Cookies help us deliver our Services. By using our Services, you agree to our use of cookies. Learn More.

The Mandalorian Season 3 Finale Review: A Disappointing Conclusion To A Lackluster Season

  • Nice moments between Mando and Grogu
  • Monotonous visuals
  • Lack of emotional stakes
  • Beginning to feel directionless

After "Andor," one of the most creatively exciting projects in the entire "Star Wars" canon, fans hoped that Season 3 of "The Mandalorian" would bring more high-quality entertainment to the franchise. The results, however, have been almost uniformly underwhelming. A messy season-long Mandalore arc fails to capitalize on the one thing that drew fans to the show in the first place: The relationship between Mando (Pedro Pascal) and Grogu. Season 3's finale remedies that, at least, keeping the characters close together in a series of impactful scenes. But while the episode is action-packed, it never becomes genuinely exciting to watch, and does little to avoid the feeling that "The Mandalorian" has run out of ideas.

We meet our heroes in the midst of the Battle for Mandalore. The Mandalorians are facing off against a troop of jet-pack-equipped stormtroopers, while Mando and Grogu (equipped with his new IG-88 exoskeleton) make their way through Moff Gideon's (Giancarlo Esposito) forces. Along the way, they discover — and subsequently destroy — an entire room full of Moff Gideon clones, marinating in goo. We learn that his master plan is to create an army of clones with enhanced Force sensitivity, which would make them nigh-unbeatable in combat. Amidst this fight, Bo-Katan Kryze's (Katee Sackhoff) arc gets some semblance of resolution as she joins the battle against Moff Gideon. This is a familiar conflict between the two, as they grapple for control of the legendary Darksaber, a weapon that is eventually destroyed — although whether it will stay gone is another story entirely.

A lack of exciting visuals

There's a lot happening in the Season 3 finale of "The Mandalorian" — so much so that it often becomes muddled. What should be a thrilling battle between Mandalorians and stormtroopers ends up as a bunch of white and gray blurs flying around like bees. There's little visual interest to be found because the entire show is infected with such a debilitating sense of same-y-ness. The stormtroopers and the Mandalorians look the same, and our key battles are between two fighters who just so happen to be wearing Beskar armor in slightly different shades. As an individual, Mando's face mask adds to his sense of mystery. But when almost every single person on the show is masked, spewing stilted dialogue, all it creates is monotony.

It's also disappointing that we've spent an entire season with the extremist Mandalorian cult and there has seemingly been little attempt to move the plot forward. At one point, it feels as though the show is building toward a rift between the group and Mando, with him becoming disillusioned and needing to forge a path for himself. But now, it seems like they've just reverted to the status quo, even deepening ties with the group by having Grogu officially become a Mandalorian apprentice. If the show's makers are planning on this break being where "The Mandalorian" ultimately goes — which they've arguably laid quite a bit of groundwork for — they may need to get started on that.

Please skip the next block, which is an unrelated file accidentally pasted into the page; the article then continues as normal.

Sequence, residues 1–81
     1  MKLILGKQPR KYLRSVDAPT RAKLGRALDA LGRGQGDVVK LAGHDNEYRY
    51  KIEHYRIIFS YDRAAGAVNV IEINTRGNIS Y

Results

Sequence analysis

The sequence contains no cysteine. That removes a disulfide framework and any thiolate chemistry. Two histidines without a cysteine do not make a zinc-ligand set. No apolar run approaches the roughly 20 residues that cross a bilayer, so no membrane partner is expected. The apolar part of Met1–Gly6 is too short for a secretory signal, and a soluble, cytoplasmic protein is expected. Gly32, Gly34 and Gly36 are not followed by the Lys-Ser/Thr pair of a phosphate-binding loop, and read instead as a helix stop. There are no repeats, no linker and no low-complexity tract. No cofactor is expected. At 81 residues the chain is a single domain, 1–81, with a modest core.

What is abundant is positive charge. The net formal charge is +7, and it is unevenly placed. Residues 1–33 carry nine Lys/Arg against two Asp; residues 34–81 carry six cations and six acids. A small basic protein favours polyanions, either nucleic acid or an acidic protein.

Is The Mandalorian stuck?

It's telling that "The Mandalorian" has only had three fairly short seasons and is already rehashing previous storylines. Bo-Katan's reclamation of power in the Mandalorian community is the same arc she's had multiple times over in the "Star Wars" canon; it just seems to be constantly restarted, ad nauseam. Bringing back Moff Gideon feels tired — he's not a memorable villain who audiences were necessarily clamoring for, and it's clear that the writers don't know what to do with him. If his only purpose is to wallpaper over a certain much-maligned cloning plotline from "Star Wars: The Rise of Skywalker," well ... that's not great. Mando and Grogu — now more formally father and son — are poised to take on adventure-of-the-week storylines in the future. But this is also more or less where they started when the show began. These narrative choices are all hallmarks of a show that doesn't know where to go from here.

When "The Mandalorian" began, it won over audiences on the strength of the dynamic between Mando and his pint-sized companion. But three seasons later, it doesn't seem as though they've really put the work into figuring out what else the show should be about. "The Mandalorian" has been a show filled with storylines that play out like side quests in a video game, where characters say things like, "I'll help you kill the Kalwar monster, but first you have to get me this one tool I need." This has resulted in a somewhat uneven show – but it also means that when it's good, it's really good. With this season, however, "The Mandalorian" has embraced a more arc-driven narrative. The issue here is that it's not clear if the show has enough substance to support such an approach. The season finale makes this an especially pressing issue. It's an episode that should be filled with excitement and thrilling action, but because there's no underlying emotional resonance or heft to the narrative, it falls disappointingly flat.